Browse Our Travel Ads
Receive Our Newsletter
Use Our Search Engine
Discover Hermail.Net
Where's Journeywoman?
Her Travel Tales
Her Cities of the World
She Travels Solo
She Loves to Cruise
The Older Adventuress
She Travels to Learn
Her EcoAdventures
She's a Biz Traveller
She Shops the World
She Travels with Kids
GirlTalk Cyberguides
Men Have Their Say
Travel Love Stories
Tour Guides Worldwide
Restaurants Worldwide
Books She Suggests
We Love Our Sponsors
She Visits Spas
JourneyDoctor Advice
Letter to the Editor
Send a travel tip
Media request
Speaking Engagements
Want to Advertise?
Bloggers We Recommend


GAP Adventures


She's So Very Subway Savvy
...staying smart, staying safe


Evelyn Hannon

I'm an absolutely avid subway fan. Being a travel writer, I've had the opportunity to experience the underground systems in cities around the world and I've loved it. For me, taxis are not an option. They're far too insular and they generally make too much of a dent in my pocketbook. Besides, it's much more fun in the subway where one can enjoy people watching at it's very best.

However, as with all other "big city" experiences, women must take extra care as they ride the rails. Both at home and away, there are several simple ways to reduce risks, save money and maximize fun while using public transportation. Be a true Journeywoman. Be subway savvy!

Know-before-you go...

Do your homework well before you travel. Check the internet, contact the Tourist Boards and transit commissions, refer to the latest guidebooks and chat with women who have travelled before you. These sources offer reams of information designed to familiarize the user with rates, routes and specific information. Learn a little before you travel and you'll feel a lot more confident at your destination.

For example:

woman using computer
  • In cyberspace check out two very informative links -- Subway Navigator and Subways of the World, for everything you ever wanted to know about any underground transportation system, anywhere.

  • Peruse the shelves of your favorite travel bookshop. In particular, the Rough Guide series, usually includes colored subway maps at the end of each of their books.

  • The Toronto Transit Commission publishes a Free Ride Guide as well as a pamphlet called "How To Ride The TTC", available in 15 languages and designed to inform and educate new immigrants to their city. To request further info, click here.

  • In London, England, The London Regional Transport's Unit For Disabled Passengers offers a booklet called "Access to the Underground" which gives info on lifts and ramps at individual Underground stations. This publication is available free from LRT ticket offices or from 55 Broadway, London, SW1H 0BD, England. Tel: 0171 918 3312. The Unit also provides Braille maps for the visually impaired.

    Special Traveller's Tip: Save money! Before purchasing your subway tokens, find out about any special deals being offered. In Paris, buying a carnet of ten tickets is much more economical than purchasing one single fare. San Francisco has their Fast Pass, London offers an economical Day Pass and if you're travelling with your family, you'll love Toronto's Sunday and Holiday Family Pass.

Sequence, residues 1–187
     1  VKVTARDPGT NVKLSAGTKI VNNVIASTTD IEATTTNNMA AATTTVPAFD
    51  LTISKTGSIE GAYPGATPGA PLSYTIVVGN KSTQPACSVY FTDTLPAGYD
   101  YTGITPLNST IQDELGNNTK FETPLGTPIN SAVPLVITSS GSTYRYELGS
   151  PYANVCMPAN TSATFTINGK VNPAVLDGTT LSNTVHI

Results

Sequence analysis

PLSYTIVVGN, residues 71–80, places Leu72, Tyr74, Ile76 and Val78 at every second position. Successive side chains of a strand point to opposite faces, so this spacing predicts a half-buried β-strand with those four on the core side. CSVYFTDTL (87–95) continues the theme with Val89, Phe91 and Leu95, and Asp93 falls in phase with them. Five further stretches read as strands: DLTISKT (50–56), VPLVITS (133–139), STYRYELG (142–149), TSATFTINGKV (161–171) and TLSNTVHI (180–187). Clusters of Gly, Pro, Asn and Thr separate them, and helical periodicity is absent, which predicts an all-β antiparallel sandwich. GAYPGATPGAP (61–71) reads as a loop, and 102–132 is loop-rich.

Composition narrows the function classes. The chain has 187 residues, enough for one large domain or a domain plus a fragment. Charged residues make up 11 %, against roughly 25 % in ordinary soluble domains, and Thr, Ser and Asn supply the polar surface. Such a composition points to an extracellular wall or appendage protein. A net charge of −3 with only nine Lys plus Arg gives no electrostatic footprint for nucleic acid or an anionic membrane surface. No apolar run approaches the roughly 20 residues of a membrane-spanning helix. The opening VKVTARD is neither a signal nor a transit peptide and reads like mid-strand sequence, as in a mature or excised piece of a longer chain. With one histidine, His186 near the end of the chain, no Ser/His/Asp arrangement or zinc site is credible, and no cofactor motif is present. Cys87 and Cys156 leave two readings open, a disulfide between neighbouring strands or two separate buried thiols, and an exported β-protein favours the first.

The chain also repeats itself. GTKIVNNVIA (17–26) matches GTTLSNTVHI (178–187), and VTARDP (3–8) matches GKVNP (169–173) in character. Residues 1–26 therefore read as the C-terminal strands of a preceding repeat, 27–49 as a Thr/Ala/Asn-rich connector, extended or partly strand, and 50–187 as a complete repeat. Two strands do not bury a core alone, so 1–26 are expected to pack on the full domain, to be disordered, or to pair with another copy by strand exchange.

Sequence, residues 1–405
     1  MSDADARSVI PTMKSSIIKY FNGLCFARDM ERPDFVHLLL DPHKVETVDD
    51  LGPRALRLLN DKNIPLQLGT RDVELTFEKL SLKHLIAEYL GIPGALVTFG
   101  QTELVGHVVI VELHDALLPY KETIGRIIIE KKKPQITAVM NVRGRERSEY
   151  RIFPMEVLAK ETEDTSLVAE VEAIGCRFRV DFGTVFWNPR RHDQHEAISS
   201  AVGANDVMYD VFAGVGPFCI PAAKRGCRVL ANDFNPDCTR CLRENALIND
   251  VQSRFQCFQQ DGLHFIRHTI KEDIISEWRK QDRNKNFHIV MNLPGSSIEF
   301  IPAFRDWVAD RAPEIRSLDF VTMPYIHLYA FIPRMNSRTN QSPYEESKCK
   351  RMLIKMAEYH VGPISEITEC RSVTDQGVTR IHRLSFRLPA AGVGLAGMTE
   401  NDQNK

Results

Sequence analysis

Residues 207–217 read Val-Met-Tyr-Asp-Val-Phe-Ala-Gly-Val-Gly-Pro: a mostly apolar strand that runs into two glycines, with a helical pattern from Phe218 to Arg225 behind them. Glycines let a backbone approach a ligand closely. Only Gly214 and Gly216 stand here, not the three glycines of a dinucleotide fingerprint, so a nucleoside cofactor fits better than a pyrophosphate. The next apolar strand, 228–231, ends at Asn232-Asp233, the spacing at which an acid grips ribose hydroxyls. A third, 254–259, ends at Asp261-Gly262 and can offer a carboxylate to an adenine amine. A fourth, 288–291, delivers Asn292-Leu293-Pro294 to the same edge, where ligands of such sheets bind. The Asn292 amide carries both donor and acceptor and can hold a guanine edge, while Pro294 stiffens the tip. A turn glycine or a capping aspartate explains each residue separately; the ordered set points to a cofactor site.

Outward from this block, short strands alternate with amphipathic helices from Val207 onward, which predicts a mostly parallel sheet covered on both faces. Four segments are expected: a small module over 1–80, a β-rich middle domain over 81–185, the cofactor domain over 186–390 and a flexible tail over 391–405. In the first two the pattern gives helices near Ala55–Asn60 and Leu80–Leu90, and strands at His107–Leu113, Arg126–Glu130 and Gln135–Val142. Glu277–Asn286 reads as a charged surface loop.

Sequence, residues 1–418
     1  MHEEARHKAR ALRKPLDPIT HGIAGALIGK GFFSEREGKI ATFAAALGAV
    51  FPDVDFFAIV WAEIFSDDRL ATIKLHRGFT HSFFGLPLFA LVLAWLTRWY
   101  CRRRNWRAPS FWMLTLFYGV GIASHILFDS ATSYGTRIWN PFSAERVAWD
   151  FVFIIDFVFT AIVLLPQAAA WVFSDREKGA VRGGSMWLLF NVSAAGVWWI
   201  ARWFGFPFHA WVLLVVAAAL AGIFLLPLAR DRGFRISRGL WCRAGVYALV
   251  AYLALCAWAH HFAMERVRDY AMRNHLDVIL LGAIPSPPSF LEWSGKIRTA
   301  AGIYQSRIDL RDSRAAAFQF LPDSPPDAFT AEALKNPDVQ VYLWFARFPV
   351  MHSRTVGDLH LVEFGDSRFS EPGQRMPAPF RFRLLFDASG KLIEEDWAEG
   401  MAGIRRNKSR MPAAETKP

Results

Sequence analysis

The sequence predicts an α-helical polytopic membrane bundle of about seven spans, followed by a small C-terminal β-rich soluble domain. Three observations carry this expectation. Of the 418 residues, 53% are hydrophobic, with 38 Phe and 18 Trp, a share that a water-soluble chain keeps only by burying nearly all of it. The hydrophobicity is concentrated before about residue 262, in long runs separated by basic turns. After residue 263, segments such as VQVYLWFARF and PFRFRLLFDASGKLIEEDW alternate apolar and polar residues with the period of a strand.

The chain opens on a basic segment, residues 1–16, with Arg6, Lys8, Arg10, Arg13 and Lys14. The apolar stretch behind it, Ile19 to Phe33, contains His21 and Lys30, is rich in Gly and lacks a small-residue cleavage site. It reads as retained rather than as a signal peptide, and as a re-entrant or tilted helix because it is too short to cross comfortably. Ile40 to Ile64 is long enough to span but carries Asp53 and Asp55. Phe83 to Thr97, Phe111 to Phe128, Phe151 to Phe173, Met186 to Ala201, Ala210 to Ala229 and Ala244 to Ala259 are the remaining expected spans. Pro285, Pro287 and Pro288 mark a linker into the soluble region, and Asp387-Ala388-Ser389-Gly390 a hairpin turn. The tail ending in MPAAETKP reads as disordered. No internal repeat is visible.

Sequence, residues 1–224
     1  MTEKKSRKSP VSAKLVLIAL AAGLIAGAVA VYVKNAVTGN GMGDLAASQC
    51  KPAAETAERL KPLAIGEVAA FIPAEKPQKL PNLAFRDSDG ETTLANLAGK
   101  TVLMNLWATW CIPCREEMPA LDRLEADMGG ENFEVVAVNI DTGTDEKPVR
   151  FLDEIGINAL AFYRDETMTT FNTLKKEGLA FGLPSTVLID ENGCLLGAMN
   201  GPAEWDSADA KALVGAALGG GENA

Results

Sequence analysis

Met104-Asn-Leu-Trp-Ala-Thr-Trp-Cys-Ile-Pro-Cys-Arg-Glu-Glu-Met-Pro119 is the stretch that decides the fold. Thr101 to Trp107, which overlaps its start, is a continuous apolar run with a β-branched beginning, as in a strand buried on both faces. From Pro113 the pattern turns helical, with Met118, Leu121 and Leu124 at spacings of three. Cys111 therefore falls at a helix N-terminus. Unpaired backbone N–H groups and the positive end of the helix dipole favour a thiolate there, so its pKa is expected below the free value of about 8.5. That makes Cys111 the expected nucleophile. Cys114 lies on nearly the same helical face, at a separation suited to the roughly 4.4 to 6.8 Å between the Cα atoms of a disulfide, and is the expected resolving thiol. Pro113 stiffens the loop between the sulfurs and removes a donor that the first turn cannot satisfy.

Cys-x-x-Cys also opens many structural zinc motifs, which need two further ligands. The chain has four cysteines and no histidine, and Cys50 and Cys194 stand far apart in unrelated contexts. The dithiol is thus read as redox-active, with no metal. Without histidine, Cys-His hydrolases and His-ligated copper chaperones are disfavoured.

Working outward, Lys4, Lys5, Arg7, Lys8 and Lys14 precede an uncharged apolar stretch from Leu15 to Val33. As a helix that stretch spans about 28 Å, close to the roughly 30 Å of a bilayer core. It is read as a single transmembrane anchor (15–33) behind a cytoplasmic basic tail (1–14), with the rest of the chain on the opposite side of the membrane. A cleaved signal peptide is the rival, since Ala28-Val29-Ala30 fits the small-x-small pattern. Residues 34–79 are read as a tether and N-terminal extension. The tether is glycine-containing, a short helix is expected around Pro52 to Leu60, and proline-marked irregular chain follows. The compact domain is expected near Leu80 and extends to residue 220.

Your subway awaits you, Madame...

Whether you're travelling by plane or train, the fastest, cheapest, most convenient way to get to and from your travel terminus will generally be the subway.

Make sure you travel light (so you can negotiate any stairs) and plan, whenever possible, to avoid peak traffic periods. Negotiating early morning and late afternoon rush hours is never, ever fun!

  • In Tokyo, crowds are so dense during rush hours that special employees wearing white gloves have been hired to help squeeze as many people as possible on to the trains and to help shut the doors after them.
  • In London and Toronto, late morning travellers are offered an incentive to postpone their day's start. You can buy a money saving "One Day Pass" providing you begin your journey after 9:30 AM. crook

    Special Traveller's Tip: Jetlagged and travelling in from the airport after an all-night flight? Even during off-hours, when crowds have thinned out considerably, never take your eyes off your baggage. Experienced thieves wait for these kinds of opportunities and can be out the subway door, your suitcase in hand, in minutes.

When is the subway not an option?

A recent Canadian transportation survey revealed that it was those women who hadn't used the subway on a regular basis that were the most afraid to use it. Chances are a great deal of their fears were unfounded and could have been softened with just a little bit of extra knowledge.

So, once you arrive at your destination, familiarize yourself with the subway system. Chat with the local women. Inquire about the area you want to subway to. Is the neighbourhood safe to walk in or is it smarter to take a taxi? Is it wise to use the subway at night? Many hotels now have a female concierge at their front desk. Ask what their subway experiences have been. Find out if there are any safety measures in place -- especially for the women traveller. This can give you the added confidence you might need to use the underground and it could save you a bundle of transportation money.

  • In New York, there is an "Off-Hour Waiting Area" in the subway station which is marked in yellow and where passengers can always be seen by the attendant collecting tokens.
  • During rush hours, in St. Petersburg, Russia, there is sometimes a separate subway entrance assigned for female passengers.
  • In Toronto, every subway stop has a well-lit designated waiting area (DWA) where females can wait for the train. This DWA is monitored from the ticket collector's booth by closed circuit TV and a voice intercom system. The guard's car on each train stops right at the DWA so that female passengers can always have a Toronto Transit Commission employee riding with them and keeping an eye on things.